Object #1006586 from MS-Papers-0032-0565
3 pages written 13 Jan 1860 by William Nicholas Searancke in Greytown to Sir Donald McLean in Christchurch City
From: Inward letters - W N Searancke, Reference Number MS-Papers-0032-0565 (58 digitised items).
60 letters written from Waiuku, Ahuriri, Waipa, Auckland, Awhitu, Wellington, Masterton, Wairarapa, Otaki, Manawatu, Tuaranganui, Te Purupuru, Greytown, Rangitikei, Waikato, Whangarei, Ngaruawhaia. Includes piece-level inventory (1969 accessions not added). Contains letters from Searancke to McLean with regard to the purchase of Maori land in the lower North Island in the 1850s and 1860s, in Wairarapa, Horowhenua and Manawatu; the letters also contain information about disputes that arose from the sales among Maori and between Maori and the Government; there is also information about the disposition of Maori, and their attitudes towards the King Movement, in these areas during the New Zealand wars of the early 1860s There are also some letters about Searancke's work in the Waikato district as a resident magistrate, with information about his observations of the Kingitanga
A transcription/translation of this document (by ATL) appears below.
13th. January 1860.
My dear Sir,
An unexpected opportunity of letting you know how matters are progressing in Rawiri's affairs has occurred which I will avail myself of. He had a large meeting of the Papawai natives yesterday about 150 to decide about Rawiri. He (Rawiri) is very obstinate determining either to retain the land at the Torohanga or else to have his original claim at Motupiri allowed as this includes Vennell's House and Paddock's etc. etc. It is utterly impossible to allow it. I offered them 100 acres and £100 compensation for our share of the error, in accordance with the terms of your letter which the Manihera read publickly, the only reasonable offer I had was from the Manihera who said he would undertake to remove Rawiri on a payment of £400 compensation in addition to the 100 acres. This I considered out of the question, but it proved as I told him that it was in his power if he pleased to remove him. Vennell's title of course cannot be touched but I pointed out to him the sections sold conditionally on Rawiri's reserve, my belief is that Manihera is keeping Rawiri there or perhaps encouraging him in his opposition. I am going again to see the Natives about it this morning and am determined to do nothing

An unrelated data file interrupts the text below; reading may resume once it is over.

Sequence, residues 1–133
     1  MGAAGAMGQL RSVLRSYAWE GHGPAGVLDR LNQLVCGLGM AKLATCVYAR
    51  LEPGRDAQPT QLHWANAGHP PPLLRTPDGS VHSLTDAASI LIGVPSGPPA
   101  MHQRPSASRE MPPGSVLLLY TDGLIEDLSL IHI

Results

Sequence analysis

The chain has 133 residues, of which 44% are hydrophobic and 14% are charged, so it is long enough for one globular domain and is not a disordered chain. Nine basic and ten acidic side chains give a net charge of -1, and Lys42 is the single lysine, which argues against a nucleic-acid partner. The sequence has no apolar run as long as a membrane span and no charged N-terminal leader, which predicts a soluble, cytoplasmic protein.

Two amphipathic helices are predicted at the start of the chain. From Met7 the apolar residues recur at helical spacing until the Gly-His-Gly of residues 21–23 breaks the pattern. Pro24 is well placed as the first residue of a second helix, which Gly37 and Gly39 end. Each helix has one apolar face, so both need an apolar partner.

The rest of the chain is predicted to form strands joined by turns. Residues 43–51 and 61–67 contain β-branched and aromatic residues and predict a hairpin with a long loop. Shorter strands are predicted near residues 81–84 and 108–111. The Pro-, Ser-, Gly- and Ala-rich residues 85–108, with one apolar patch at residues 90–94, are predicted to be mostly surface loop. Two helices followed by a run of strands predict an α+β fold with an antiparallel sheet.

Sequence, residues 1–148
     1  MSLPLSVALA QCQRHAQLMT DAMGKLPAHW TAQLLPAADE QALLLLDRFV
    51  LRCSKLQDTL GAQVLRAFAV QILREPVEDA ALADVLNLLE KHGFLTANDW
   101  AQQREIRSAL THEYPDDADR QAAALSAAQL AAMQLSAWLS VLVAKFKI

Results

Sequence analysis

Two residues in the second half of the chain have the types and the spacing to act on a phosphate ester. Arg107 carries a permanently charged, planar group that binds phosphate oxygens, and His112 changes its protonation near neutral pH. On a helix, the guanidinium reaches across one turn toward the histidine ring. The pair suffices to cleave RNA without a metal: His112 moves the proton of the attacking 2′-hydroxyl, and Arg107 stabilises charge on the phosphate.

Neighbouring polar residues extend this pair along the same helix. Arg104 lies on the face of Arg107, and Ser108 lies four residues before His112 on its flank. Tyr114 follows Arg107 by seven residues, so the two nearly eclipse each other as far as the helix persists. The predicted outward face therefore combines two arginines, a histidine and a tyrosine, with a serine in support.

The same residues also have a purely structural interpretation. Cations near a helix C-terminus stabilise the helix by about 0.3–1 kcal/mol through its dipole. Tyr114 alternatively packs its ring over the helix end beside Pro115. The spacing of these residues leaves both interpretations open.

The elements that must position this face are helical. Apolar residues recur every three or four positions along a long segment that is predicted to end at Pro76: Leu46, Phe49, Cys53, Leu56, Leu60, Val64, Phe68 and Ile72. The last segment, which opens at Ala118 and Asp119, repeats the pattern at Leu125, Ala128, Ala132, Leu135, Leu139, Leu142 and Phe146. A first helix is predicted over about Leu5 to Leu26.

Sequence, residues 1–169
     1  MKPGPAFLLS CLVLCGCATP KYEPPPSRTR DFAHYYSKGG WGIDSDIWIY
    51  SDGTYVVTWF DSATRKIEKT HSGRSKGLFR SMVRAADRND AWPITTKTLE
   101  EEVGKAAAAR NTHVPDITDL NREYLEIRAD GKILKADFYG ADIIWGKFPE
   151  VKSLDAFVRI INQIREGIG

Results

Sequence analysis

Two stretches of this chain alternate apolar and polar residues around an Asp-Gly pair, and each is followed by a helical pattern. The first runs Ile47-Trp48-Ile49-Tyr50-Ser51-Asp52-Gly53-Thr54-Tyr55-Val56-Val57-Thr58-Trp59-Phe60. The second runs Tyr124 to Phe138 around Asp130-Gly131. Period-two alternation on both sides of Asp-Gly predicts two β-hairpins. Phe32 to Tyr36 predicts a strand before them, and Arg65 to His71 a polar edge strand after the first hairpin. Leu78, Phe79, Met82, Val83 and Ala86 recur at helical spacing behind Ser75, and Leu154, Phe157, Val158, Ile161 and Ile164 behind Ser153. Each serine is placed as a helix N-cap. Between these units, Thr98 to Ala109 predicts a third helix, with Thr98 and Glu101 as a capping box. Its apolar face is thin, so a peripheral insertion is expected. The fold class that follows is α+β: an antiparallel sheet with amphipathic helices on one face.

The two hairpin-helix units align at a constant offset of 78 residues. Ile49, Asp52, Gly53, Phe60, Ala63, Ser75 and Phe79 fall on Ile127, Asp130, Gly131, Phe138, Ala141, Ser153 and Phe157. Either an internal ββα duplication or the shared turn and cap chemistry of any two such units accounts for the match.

untill the most troublesome matter is settled, nearly 20 Europeans are unsettled by this question and something must be done if the Natives will not listen to reason, they must be made to listen to something else. Your return to Wellington is so uncertain that I shall not be there to see you unless you send up a special messenger when I would immediately come down in order that you may be made aware of the state of affairs in the meantime no exertion shall be wanting on my part to settle this most troublesome matter. Bye the bye I went to the Criterion to get your saddle etc. an old thing not worth 10/- and a wretched broken bridle was offered me as left by Simeon at the Hotel as yours. I declined to accept them. So you had better write to Taranaki about them. St. Hill has just gone by to Porangahau to remove his sheep off the Native lands, Before he starts for England, he tells me that he will leave Wellington about the first weeks in February. I also wish to see you about Pirika's claim to £400 worth of land in Borlase's run.
Excuse haste and believe me to be
very truly yours
Will N. Searancke.
D. McLean Esq.
Inward letters - W N Searancke, Reference Number MS-Papers-0032-0565 (58 digitised items)
Series 1 Inward letters (English), Reference Number Series 1 Inward letters (English) (14501 digitised items)
McLean Papers, Reference Number MS-Group-1551 (30238 digitised items)
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